A couple of weeks ago, Vieri, a friend of mine asked me to come along to an informal inauguration of a wine bar of friends of his. Being passionate about wine, as you all probably know by now, I went along, of course, and brought some other friends, too. Uva Nera, the name of the wine bar which is situated in Borgo Ognissanti 25r in Florence just a few steps from the river Arno, is a small gem with a very tasteful and well thought-through décor. You immediately feel like you have stepped into another era about 60 years ago, at the same time as you can taste some very interesting wine and the latest in locally, traditionally produced prosciutto, cheese, etc. If you want to know more about this new, exciting wine bar, and how furniture (for ex. from the 19th century, 1940s, 1950s, and 60s), swing, sewing machines and wine go together; then read on. It will all get more clear, just follow me on this exploration of Uva Nera…
It was a Sunday afternoon, a couple of weeks ago, when we joined Vieri in via Borgo Ognissanti curious about this new wine bar he had been telling us about. Arriving there, it was a lovely surprise to discover this very different concept of a mix between a wine bar and a really cosy place as taken from a British film from the 1940s or 50s. The owner, Costanza Yael Aviv Castelnuovo-Tedesco and her partner soon to be husband, Lorenzo Biagioli, made us feel really at home straight away, asking what bottles they could open for us. Vieri had told her that another friend and I were sommeliers, but not wanting to impose we said it was all right to drink what was already open. However, Costanza made us all happy and opened a La Porta di Vertine Chianti Classico DOCG 2011.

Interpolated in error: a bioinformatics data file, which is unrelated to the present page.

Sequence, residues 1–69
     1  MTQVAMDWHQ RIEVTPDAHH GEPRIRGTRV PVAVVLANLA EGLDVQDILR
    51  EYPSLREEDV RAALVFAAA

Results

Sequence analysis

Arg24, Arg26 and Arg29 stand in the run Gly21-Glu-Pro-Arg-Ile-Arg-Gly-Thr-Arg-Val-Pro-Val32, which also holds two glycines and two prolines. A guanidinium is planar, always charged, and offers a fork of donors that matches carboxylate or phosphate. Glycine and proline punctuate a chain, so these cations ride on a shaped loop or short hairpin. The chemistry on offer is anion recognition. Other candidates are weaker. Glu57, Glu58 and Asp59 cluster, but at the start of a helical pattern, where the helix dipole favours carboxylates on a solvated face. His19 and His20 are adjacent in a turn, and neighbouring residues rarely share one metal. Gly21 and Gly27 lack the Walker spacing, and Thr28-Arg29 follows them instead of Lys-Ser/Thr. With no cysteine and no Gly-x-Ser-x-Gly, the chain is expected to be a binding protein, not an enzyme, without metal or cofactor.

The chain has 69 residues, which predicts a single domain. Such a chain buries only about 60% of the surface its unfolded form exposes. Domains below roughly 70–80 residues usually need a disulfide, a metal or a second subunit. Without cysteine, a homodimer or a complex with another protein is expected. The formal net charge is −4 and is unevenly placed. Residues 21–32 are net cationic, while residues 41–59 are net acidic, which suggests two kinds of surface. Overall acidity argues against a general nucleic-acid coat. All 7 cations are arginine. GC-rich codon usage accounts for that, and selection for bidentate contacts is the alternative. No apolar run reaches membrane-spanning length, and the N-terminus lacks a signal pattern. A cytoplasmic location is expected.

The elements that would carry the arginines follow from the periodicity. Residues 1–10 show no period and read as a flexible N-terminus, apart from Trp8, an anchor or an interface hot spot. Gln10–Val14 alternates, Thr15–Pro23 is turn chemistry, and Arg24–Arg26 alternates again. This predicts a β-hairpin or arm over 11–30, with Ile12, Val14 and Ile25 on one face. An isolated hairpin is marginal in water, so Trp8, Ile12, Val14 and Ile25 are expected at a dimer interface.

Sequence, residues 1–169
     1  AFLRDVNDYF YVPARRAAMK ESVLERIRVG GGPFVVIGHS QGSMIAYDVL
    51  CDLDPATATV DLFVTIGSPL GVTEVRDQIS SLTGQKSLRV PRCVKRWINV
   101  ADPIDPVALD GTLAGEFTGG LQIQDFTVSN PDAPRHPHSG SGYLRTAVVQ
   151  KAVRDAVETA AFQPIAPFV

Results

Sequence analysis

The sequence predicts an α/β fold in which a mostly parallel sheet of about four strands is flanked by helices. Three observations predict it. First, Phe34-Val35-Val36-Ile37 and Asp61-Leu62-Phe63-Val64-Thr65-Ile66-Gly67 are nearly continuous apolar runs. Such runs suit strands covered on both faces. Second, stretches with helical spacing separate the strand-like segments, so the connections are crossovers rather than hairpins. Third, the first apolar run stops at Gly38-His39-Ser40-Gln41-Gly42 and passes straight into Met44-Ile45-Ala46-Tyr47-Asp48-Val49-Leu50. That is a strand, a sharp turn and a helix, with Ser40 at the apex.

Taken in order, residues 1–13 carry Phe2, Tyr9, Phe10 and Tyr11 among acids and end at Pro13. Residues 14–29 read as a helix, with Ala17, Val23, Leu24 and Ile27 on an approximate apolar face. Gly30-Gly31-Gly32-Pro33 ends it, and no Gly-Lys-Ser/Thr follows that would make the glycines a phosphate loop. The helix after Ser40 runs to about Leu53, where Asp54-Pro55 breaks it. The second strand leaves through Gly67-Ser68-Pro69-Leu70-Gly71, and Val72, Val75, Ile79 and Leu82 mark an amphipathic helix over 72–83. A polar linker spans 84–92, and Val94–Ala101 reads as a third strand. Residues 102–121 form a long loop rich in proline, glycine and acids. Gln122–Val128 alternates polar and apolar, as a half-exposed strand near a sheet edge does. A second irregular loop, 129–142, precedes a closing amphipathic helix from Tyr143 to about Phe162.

This is a small producer in the hamlet of Vertine in Gaiole in Chianti, who started out their wine producing activity as recently as 2006. The owners Dan and Ellen Lugosch, have developed the concept of ”less is more” with the help of their main oenologist Giacomo Mastretta and the agronomist Ruggero Mazzili. This means that the philosophy of a great wine is the result of a vineyard where you need to do as little as possible. They see the wine making as a ”minimalist affair”, i.e. that an attentive management of the vine means that there is no need for corrections further on in the vinification process. As I had not tried this particular wine before, it was an evening full of new discoveries in all senses.
A background of Costanza
Over a glass of this interesting Chianti Classico, we then started talking more with Costanza about the story behind her wine bar. She told us that she used to be a designer of cuff links in London, but that she missed the slower pace and more friendly and genuine life back home in Florence, where you enjoy and seize the small beautiful moments every day. You do not need to take life so seriously every day, but you can try to also enjoy the small things, even while working. Therefore, at a certain point she told us that she decided to return to Florence and do something completely different. She first opened a wine bar close to the Duomo, before Uva Nera. Thus, she is already experienced in the business. The message she wants to convey, as she has told me also more recently when we have met, is that every piece of furniture, every product, be it wine, prosciutto, cheese, marmelades, olives, or other things have been, and are, chosen and hand-picked by her exclusively. And everything with a clear idea in mind, i.e. that she wants the customer to be able to have a genuine and traditional experience when entering Uva Nera.